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TELEGRAMS.

fPE'jsSS ASSOCIATION.] ELECTORAL COURT WOMAN'S NAME STRUCK OFF THE ROLL. AUCKLAND; 20th November. At a sitting of the Electoral Court, before Mr. C. C. Kettle, S.M., this morning, a point of 'objection was taken to the name of Mrs. L. E. Humes remaining on the roll, on the ground that, having married an American citizen who had not been naturalised as a British subject, she had forfeited her national status, and could not vote. She had lived in New Zealand for four and a-half years, and was previously on the roll at Hamilton. Albert Humes, her husband, deposed that he had travelled pretty well all over the world on behalf of a firm whose headquarters were in Chicago. The Magistrate expreissed a wish that the case had been taken to the Full Court to get an authoritative ruling, as it was of some importance and of great interest. By section 10 of the English Naturalisation Act, a married woman was deemed to be a subject of the State of which her husband was for the 1 time being a subject. _ Mrs. Humes lost her 6tatus as a British subject when she married an American citizen. The Magistrate instructed Mrs. Humes's name to be removed from the roll. CRIME IN AUCKLAND. AUCKLAND, 50th November. 'ln the course of his charge to the Grand Jury at the opening of the criminal se€6ioii6 of tlie Auckland Supreme Court this morning, Mr. Justice Chapman remarked that 'he found, from time to time, a considerable accumulation of crime at Auckland. "It is difficult to see what the reason is," he said. "Why, for instance, should the trial of criminal cases here occupy something like four weeks as a rule, whereas, further south, the cases occupy a week or a week and a half, or eveni less than that? I suppose it is due partly to circumstances—to what might be called anthropological circumstances —that the criminal classes may be ten der-skinned, and resort to a fine climate." His Honour went on to say: There may be other causes connected with the population and fcho far-back history of the .locality, but it is certain there is a greater amount of crime in Auckland than in other districts in New Zealand. NEW PHASE IN LABOUR DISPUTE TIMARU, 20th November. The loca' representatives of the shipping companies have replied to the request of the wharf labourers for a conference on the proposed new agreement (which raises wages and frames new conditions) that they cannot confer on any agreement outside the Arbitration Act, as it would not be binding. Some of the proposed conditions were quite unworkable.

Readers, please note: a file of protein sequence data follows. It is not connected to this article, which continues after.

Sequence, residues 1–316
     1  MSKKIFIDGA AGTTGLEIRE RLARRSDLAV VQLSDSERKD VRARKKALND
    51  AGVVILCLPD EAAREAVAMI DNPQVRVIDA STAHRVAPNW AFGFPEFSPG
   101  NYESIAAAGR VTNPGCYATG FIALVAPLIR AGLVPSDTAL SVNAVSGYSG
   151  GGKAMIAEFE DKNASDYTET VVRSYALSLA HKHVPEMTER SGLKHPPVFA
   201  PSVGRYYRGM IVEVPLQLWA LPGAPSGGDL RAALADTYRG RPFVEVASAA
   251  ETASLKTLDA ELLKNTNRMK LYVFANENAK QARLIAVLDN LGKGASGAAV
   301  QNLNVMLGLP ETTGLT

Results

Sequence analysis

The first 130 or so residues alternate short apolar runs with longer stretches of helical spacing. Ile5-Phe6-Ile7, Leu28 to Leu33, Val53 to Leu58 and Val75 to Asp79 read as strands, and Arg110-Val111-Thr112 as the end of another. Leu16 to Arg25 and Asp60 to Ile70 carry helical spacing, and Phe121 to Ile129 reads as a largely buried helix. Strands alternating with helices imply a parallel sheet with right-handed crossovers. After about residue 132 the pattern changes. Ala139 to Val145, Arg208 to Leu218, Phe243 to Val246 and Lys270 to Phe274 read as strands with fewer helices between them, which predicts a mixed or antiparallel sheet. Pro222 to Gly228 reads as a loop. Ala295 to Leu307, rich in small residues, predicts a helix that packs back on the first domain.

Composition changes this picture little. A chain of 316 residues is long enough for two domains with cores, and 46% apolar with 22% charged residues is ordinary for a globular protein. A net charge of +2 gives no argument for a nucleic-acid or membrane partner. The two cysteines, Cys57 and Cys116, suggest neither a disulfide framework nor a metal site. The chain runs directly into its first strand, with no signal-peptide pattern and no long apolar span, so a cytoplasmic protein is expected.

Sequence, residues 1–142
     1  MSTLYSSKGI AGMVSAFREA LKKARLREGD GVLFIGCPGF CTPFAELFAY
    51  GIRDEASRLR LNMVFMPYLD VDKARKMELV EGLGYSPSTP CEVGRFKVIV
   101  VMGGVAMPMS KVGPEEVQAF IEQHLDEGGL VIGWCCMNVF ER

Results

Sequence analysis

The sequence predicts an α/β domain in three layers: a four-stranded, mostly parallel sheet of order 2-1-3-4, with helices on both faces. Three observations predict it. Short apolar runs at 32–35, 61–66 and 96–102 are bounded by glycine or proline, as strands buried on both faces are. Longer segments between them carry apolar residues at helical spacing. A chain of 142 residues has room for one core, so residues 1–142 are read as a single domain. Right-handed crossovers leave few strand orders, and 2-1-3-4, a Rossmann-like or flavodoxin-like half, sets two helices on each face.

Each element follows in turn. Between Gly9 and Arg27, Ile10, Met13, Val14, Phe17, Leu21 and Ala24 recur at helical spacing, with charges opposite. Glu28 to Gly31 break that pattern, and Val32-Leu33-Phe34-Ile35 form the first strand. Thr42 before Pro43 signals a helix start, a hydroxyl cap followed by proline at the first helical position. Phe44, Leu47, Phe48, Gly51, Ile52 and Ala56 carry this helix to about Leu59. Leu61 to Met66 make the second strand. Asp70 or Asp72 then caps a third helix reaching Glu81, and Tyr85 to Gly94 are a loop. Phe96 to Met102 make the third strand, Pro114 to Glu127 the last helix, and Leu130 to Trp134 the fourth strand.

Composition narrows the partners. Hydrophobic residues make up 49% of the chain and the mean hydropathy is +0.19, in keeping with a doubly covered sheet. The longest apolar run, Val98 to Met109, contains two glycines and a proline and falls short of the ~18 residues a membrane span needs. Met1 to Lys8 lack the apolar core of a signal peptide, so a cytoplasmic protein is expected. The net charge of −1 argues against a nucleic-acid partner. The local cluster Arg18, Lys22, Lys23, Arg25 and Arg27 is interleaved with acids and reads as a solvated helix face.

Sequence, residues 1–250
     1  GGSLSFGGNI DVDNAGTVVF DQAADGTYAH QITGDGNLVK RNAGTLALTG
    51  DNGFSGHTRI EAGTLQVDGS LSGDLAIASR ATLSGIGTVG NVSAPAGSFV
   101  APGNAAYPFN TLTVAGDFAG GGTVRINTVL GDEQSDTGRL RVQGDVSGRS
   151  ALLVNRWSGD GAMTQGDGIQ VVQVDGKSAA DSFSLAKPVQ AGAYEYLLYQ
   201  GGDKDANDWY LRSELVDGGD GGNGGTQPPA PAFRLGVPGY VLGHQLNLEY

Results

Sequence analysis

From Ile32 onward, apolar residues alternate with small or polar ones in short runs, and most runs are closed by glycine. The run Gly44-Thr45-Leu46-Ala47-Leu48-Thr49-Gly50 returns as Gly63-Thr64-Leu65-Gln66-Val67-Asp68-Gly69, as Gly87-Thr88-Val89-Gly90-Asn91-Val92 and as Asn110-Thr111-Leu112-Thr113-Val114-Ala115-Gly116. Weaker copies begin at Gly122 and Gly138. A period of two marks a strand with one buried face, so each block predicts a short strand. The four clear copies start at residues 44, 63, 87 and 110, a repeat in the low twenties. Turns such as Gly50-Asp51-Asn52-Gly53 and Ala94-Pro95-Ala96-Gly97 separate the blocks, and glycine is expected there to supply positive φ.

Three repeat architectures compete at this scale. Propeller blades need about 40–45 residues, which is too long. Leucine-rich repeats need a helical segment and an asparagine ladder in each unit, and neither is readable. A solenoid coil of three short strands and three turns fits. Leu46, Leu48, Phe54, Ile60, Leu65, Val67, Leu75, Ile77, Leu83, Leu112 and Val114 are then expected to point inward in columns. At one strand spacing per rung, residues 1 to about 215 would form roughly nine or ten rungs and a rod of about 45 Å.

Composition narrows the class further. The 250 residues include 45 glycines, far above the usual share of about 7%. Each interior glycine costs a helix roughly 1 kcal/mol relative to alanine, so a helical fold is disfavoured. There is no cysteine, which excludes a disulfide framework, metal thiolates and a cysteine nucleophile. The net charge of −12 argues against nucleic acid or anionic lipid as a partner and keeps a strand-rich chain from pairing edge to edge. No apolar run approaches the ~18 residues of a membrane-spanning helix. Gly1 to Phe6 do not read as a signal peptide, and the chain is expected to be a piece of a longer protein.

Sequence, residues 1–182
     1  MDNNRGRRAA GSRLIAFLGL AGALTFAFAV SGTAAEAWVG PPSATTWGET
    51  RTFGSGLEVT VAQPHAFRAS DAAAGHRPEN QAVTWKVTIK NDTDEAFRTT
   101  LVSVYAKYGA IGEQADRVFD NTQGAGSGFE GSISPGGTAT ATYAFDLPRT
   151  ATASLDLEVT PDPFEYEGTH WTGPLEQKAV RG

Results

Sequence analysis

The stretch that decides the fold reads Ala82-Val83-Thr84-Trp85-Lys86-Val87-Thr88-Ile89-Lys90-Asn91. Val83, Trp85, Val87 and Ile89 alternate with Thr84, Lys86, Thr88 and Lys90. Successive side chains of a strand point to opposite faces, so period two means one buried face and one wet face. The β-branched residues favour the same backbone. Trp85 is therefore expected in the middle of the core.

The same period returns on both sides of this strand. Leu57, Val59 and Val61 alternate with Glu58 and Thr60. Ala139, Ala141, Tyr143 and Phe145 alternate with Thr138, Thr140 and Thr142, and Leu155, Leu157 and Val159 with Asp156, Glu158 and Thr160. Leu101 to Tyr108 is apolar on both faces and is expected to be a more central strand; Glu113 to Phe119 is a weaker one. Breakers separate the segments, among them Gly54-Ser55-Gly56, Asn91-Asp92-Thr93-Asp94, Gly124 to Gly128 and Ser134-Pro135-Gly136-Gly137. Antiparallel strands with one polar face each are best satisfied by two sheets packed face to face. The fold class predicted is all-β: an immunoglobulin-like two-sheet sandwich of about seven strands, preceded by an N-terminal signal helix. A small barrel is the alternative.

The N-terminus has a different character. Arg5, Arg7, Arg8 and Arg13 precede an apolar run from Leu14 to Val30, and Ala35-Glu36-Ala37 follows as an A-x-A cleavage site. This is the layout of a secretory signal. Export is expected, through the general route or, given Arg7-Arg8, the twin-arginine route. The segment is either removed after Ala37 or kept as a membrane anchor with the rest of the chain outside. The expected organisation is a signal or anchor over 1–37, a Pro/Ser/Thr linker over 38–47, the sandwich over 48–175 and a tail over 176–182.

The reference to the Act is allusion, to the fact that the union has cancelled its registration.

CABINET MEETING. CHRISTCHURCH, 20th November A meeting of the Cabinet was held in Christchurch this afternoon, and the expenditure of the'following amounts voted by Parliament was authorised:—Railway rolling stock, \ £40,000 ; roads and bridges, £16,000. The lowest tender for the erection of the Ohura post ofMce was accepted. The recommendation of the Petitions Committee in regard to the I Haynes case was brought before the Cabinet, and it was decided to go into the matter fidly after the elections were over. The Cabinet will then deal-Avith the recommendation. > AUCKLAND WOOL SALES. AUCKLAND, 20th November. The quantity of wool catalogued for submission at the first wool sale of the season this week so far totals about 6200 bales. DRAWING AGAINST PRODUCE. TIMARU, 20th November. The Chamber of Commerce - and the chief mecantile firms here have agreed that in the case of Dominion and Australian shipments they should favour "drawing against produce," produce being defined as anything taken direct from the soil; also that the present custom of taking Government graders' certificates as to equality and /f.o.b. weights be strictly adhered to. SADLY DISAPPOINTED. AUCKLAND, 20th November. At a large meeting of strawberry growers, held at Birkenhead, the following resolution was passed :—"That this meeting of fruitgrowers is sadly disappointed at the action of the, Minister for Railways in refusing the request of strawberry growers to allow soft fruits to be railed by the expressi to Wellington." AUSTRALIAN SQUADRON. ' AUCKLAND, 20th November. The flagship Powerful, which leaves for Wellington on Monday-next, leaves Wellington for Lyttelton on £jth December, and Lyttelton for Sydney on Bth December. The Encounter is due at Lyttelton tomorrow, leaves Lyttelton on Monday for Akaroa, Timaru, Dunedin, and Bluff, and leaves Bluff on 17th December for Hobart. The Admiral will make his headquarters at Hobart for the next three months. ENGINEERS AND "MINING COMPANIES WAIHI, 20th November. Representatives of the Amalgamated Society of Engineers conferred with the local mining companies to-day, with a view to making an agreement under the Arbitration Act to have the same effect as an award. The companies are now considering the proposals. CRIMINAL SITTINGS. AUCKLAND, 20th November. At the Supreme Court to-day EdwardMyers pleaded not guilty to charges of obtaining 5s by false pretences from William Wells, confectioner, and robbing a man named William M'Leod of £2 ss. The jury brought in a verdict, of guilty on both counts.. His Honour found from the police records that there were many previous, convictions of similar offences against Myers, who was sentenced to two years' hard labour, to be followed by four years' detention for reformative purposes.

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Permanent link to this item

https://paperspast.natlib.govt.nz/newspapers/EP19111121.2.22

Bibliographic details

TELEGRAMS., Evening Post, Volume LXXXII, Issue 123, 21 November 1911

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885

TELEGRAMS. Evening Post, Volume LXXXII, Issue 123, 21 November 1911

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